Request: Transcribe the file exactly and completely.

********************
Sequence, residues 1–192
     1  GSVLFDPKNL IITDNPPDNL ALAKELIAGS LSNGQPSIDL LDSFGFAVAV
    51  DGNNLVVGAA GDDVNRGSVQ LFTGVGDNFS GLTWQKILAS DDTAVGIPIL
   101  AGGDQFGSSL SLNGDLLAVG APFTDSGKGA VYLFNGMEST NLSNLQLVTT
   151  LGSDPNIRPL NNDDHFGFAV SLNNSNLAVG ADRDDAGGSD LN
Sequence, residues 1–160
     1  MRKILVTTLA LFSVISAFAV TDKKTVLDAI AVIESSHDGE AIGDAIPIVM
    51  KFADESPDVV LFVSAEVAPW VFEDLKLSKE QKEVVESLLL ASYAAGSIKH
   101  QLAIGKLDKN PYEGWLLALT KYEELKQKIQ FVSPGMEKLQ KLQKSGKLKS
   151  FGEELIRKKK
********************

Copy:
Sequence, residues 1–192
     1  GSVLFDPKNL IITDNPPDNL ALAKELIAGS LSNGQPSIDL LDSFGFAVAV
    51  DGNNLVVGAA GDDVNRGSVQ LFTGVGDNFS GLTWQKILAS DDTAVGIPIL
   101  AGGDQFGSSL SLNGDLLAVG APFTDSGKGA VYLFNGMEST NLSNLQLVTT
   151  LGSDPNIRPL NNDDHFGFAV SLNNSNLAVG ADRDDAGGSD LN
Sequence, residues 1–160
     1  MRKILVTTLA LFSVISAFAV TDKKTVLDAI AVIESSHDGE AIGDAIPIVM
    51  KFADESPDVV LFVSAEVAPW VFEDLKLSKE QKEVVESLLL ASYAAGSIKH
   101  QLAIGKLDKN PYEGWLLALT KYEELKQKIQ FVSPGMEKLQ KLQKSGKLKS
   151  FGEELIRKKK